Selecting a Site and Organization
As a prospective volunteer, you should certainly consider your individual interests before deciding on a specific organization. What type of project—teaching or service—do you prefer? What are your personal goals of participation and what are the project’s goals? Is there a religious organization or service club affiliation (such as Rotary International)? Where are the locations of the organization’s projects? What length of service is required? Can family members be accommodated as volunteers? These are just a few questions to investigate. In your exploration of an organization to become affiliated with, speak with people who have participated in other projects sponsored by the different organizations.
As you get closer to actual site selection, other questions will need to be asked and answered.
- What is the political and social climate of the site? For example, is the location politically and socially stable? Is it friendly to Americans?
- Can the country be reached by reliable commercial transportation?
- Are special licenses, registrations, or work permits needed? For example, Jamaica requires all entering volunteers to have a temporary work permit issued by the Jamaican Ministry of Health. That requires the submission of professional credentials well in advance of arrival in the country. Treating patients without official permits falls outside the law, so a volunteer could be subject to criminal sanctions. Remember, volunteers are subject to local laws; the U.S. Embassy may not be able to assist if laws have been broken.
- Are there appropriate logistics such as ground transportation, housing, ability to communicate with home cell phones, Internet access, and food for the volunteers?
- What health alerts or restrictions are there and what vaccinations are needed?
- Has the dental project been developed? Have the specific dental needs been defined? It can be frustrating to prepare for a surgical project only to arrive on-site to find out that restorative services are the primary need.
- Are dental materials and equipment available on-site, or does everything have to be brought in?
- What are the customs restrictions regarding the transport of dental supplies into the country? How might materials be shipped before volunteers arrive in the country?
- Is there a suitable facility in which to work? Will patients or professional colleagues be available at appropriate times?
Many good sources of information exist for obtaining answers to these questions. For example, the U.S. Department of State publishes travel warnings and consular information sheets travel.state.gov. The Department of State Web site lists areas of pertinent interest under the home page. There are also sections about U.S. Passports, country information, things to keep in mind when abroad and handling emergencies while overseas (travel.state.gov). Providing up-to-the-minute international travel and security information is also an important focus for many private organizations. Companies such as Kroll Associates of New York (www.kroll.com) specialize in a wide variety of travel, security, intelligence, risk management, and other types of information for international travelers and business people. Kroll travel-watch advisories are available 24 hours a day, seven days a week, year-round by fax or by subscription over the Internet. The reports detail local news, transportation options, currency-exchange information, upcoming festivals and events, health considerations, safety and security issues, and emergency telephone numbers.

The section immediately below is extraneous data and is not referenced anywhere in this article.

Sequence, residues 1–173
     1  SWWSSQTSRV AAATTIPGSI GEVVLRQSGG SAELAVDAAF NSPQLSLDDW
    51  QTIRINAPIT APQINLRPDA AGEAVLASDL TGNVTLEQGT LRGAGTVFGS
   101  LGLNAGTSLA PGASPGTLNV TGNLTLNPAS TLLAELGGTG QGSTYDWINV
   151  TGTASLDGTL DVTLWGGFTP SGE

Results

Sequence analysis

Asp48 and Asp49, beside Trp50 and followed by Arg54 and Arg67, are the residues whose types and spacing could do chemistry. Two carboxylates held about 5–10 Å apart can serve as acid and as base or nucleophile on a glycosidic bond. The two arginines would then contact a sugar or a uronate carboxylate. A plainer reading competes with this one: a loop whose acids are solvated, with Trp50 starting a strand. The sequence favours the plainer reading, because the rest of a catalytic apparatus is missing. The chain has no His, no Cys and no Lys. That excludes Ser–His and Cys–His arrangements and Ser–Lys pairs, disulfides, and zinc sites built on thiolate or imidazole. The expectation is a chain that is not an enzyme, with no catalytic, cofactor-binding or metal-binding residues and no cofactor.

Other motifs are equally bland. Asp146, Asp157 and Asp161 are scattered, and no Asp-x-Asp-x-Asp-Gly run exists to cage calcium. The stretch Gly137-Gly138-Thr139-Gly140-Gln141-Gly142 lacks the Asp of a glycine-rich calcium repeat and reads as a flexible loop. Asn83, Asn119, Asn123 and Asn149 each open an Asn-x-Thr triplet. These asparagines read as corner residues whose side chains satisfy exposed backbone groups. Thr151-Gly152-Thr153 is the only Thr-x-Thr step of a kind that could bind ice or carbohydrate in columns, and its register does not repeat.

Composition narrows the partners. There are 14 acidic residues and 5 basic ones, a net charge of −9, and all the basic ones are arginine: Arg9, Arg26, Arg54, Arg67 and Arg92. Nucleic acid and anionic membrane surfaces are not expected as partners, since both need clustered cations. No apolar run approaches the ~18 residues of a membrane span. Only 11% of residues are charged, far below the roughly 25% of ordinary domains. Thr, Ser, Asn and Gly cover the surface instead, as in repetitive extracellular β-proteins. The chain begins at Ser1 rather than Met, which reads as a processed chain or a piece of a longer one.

Although vacation travel guides are generally not the best sources of detailed country information, particularly for travel off the beaten track, they may be helpful for planning the usual in-country touring that volunteers may wish to do either before or after a project. One commercial series that could be of more than passing interest is the Lonely Planet travel survival guides from Lonely Planet Publications (www.lonelyplanet.com), which are country guides that explore all aspects of a country from the traveler’s, not the tourist’s, perspective. The guides are packed with useful information not found in other more tourist-oriented publications and address topics such as culture, religion, language, as well as sights to see and places to stay that, while not targeted specifically to American tourists, are still acceptable and perhaps more reasonably priced than some accommodations in other strictly tourist-focused books. More than 500 Lonely Planet titles covering 195 countries are in print and available at local bookstores